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Renew taking custody of Z-NET in Australia

Renew taking custody of Z-NET in Australia

This article was originally published in Renew magazine January – March 2022.

Renew CEO Paul Bowers explains the Zero Net Emissions Transition (Z-NET) methodology, and why Renew is delighted to serve as its new home.

Communities across Australia are recognising the urgent need to achieve net zero greenhouse emissions. We are moving from asking “Why?” to asking “How?”.

The challenge for the transition has always been that it cannot be managed by experts alone; community leadership, input and buy-in is essential. And communities can’t get far on commitment alone — expertise and methods are needed. 

The Zero Net Emissions Transition (Z-NET) methodology is the only route to community- led energy transition that’s been proven in practice in Australia—both at a town scale, based on energy only, and at a LGA scale with the full emissions spectrum accounted for.

The method originated in Europe, and Armidale-based Starfish Initiatives have nurtured the method in Australia, delivering version 1 of Z-NET in Uralla, NSW. Renew then developed the model further for version 2, through our project for Hepburn Z-NET (discussed in Renew 146). Starfish are now handing custodianship of the Z-NET assets to Renew, while the open-source and ever- growing data sets are going to be hosted by the Coalition for Community Energy (C4CE). 

An “emissions literate” empowered community builds momentum and pushes itself to sustainable living, achieving zero or even negative emissions with Z-NET quicker than with any other method in Australia. Z-NET’s way of uniting community-led design with technical expertise, shaped through collaborative governance, enables a community to be active in the change, and draw upon an ever-growing set of resources, data and network of professionals. 

‘Neither councils nor community groups can do this work alone; no community can secure traction for change at scale without expertise. Equally, expert reports alone do not secure buy-in and meaningful community change.’

In addition, every project feeds the next one, growing the data sets and resources. So what exactly does a Z-NET project involve? A successful project will encompass all of the following: 

  • Gathering evidence of current state of emissions sources, demands and sinks; 
  • Use human-centred design techniques to engage communities: e.g. town hall events, surveys; 
  • Harvesting community project ideas for how to achieve Z-NET; 
  • Modelling an emissions baseline and then using this baseline to model two pathways – a “Business As Usual” scenario, where no efforts are made to reduce emissions, and an “Optimal 10-year” scenario. Comparing these reveals the gap between doing nothing and following an ideal path to net zero emissions; 
  • Working with local networks across community groups, councils, and businesses; 
  • Building a community of shared leadership and responsibility, and connecting into other Z-NET projects; Applying a social justice lens to the project to ensure that no communities or groups are excluded from its benefits;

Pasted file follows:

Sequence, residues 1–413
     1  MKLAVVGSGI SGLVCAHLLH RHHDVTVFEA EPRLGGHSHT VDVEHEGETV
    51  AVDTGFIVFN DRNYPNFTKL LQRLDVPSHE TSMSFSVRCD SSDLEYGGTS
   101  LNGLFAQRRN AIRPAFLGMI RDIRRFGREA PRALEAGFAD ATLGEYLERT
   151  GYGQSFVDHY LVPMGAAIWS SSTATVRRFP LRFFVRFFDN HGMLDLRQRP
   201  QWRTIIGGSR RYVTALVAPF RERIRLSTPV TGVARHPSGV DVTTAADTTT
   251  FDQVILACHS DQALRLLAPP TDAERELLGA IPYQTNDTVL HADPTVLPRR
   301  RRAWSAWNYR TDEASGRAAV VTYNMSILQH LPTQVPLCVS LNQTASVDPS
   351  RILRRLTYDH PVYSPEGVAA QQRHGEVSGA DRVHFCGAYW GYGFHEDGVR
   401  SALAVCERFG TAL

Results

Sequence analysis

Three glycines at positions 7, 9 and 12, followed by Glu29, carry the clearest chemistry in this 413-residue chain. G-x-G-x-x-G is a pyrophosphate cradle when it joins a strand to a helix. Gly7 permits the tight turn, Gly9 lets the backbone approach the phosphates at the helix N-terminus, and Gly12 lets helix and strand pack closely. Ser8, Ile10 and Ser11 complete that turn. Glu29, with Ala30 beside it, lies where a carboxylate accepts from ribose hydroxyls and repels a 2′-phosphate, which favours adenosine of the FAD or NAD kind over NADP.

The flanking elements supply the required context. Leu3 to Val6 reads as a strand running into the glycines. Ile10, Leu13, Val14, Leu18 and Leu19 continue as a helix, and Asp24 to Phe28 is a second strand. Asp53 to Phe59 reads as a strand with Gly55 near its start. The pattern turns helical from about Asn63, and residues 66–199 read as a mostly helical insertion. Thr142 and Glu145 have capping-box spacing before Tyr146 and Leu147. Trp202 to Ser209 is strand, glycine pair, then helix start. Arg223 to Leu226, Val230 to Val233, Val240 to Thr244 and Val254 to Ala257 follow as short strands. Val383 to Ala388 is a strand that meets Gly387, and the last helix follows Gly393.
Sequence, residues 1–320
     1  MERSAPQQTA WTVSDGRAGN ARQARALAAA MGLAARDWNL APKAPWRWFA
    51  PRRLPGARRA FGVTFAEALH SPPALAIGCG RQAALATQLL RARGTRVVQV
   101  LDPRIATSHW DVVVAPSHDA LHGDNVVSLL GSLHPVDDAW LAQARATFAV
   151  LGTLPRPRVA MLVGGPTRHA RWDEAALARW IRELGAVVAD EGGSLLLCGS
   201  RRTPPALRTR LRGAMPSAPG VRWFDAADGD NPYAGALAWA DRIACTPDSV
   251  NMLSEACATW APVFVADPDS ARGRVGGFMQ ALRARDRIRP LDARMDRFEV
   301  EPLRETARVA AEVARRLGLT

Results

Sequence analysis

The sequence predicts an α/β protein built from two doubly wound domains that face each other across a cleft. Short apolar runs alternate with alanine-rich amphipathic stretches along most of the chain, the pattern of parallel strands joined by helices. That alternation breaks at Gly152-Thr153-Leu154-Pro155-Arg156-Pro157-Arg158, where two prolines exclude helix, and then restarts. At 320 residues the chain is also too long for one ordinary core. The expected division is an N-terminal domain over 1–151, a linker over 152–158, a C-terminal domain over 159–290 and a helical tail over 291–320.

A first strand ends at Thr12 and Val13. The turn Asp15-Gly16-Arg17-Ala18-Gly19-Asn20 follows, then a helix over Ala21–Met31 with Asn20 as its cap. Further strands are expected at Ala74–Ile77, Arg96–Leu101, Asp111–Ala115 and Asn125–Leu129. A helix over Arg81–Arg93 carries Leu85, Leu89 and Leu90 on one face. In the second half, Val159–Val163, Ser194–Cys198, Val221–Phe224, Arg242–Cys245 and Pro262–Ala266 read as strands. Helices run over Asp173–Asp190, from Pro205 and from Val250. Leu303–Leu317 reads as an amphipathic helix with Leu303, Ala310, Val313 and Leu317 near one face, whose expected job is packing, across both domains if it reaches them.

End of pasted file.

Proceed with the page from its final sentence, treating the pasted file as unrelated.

• Educating, empowering and connecting communities; and 
  • Generating options and a prioritised activity roadmap, which ensures investment and that practical community action is in line with the optimal pathway. 

All the above together create a plan that is shared and owned by an entire community, backed with technical modelling, and works from a baseline that allows for tracking progress. Communities empowered with climate literacy and a roadmap proceed fast— Hepburn hit their 2029 target for rooftop solar by 2020. 

Two hundred Hepburn Shire community members call for a global temperature increase of below 1.5 °C. Image © Flying Dragon for Hepburn Wind

Such communities can also develop the model still further—for example, Hepburn are now moving to incorporate the transition to a circular economy, and also adaptation to climate change, into their roadmap. 

The Z-NET project with Hepburn Shire, enacted by a consortium led by Renew, won many sustainability awards. The pilot project acted as an incubator for locally appropriate, best-practice actions and strategies to meet a target of zero-net emissions.

Through this project, Renew worked across multiple focus areas, including stationary energy, agriculture, transportation, waste and wastewater, and land use. We also worked with several partners, including Starfish Initiatives, human-centred design consultants Little Sketches, Hepburn Shire Council, Hepburn Wind, and many others. 

Neither councils nor community groups can do this work alone; no community can secure traction for change at scale without expertise. Equally, expert reports alone do not secure buy-in and meaningful community change. Z-NET unites both sides of this equation—and the time is ripe to scale this model up, to support more communities in their transitions to net zero by 2030. 

As the custodians of Z-NET, our vision is to preserve and enable its community-led spirit, while also supporting its expansion into more regions, thus growing emissions literacy and leadership capacity across Australia.

About Renew:

From early adopters of renewable energy to Australia’s lead organisation inspiring, enabling and advocating for sustainable living, Renew inspires and engages with over a quarter of a million people each year in Australia and overseas, taking practical action on sustainable living. Read More

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Published: 19 Apr 2022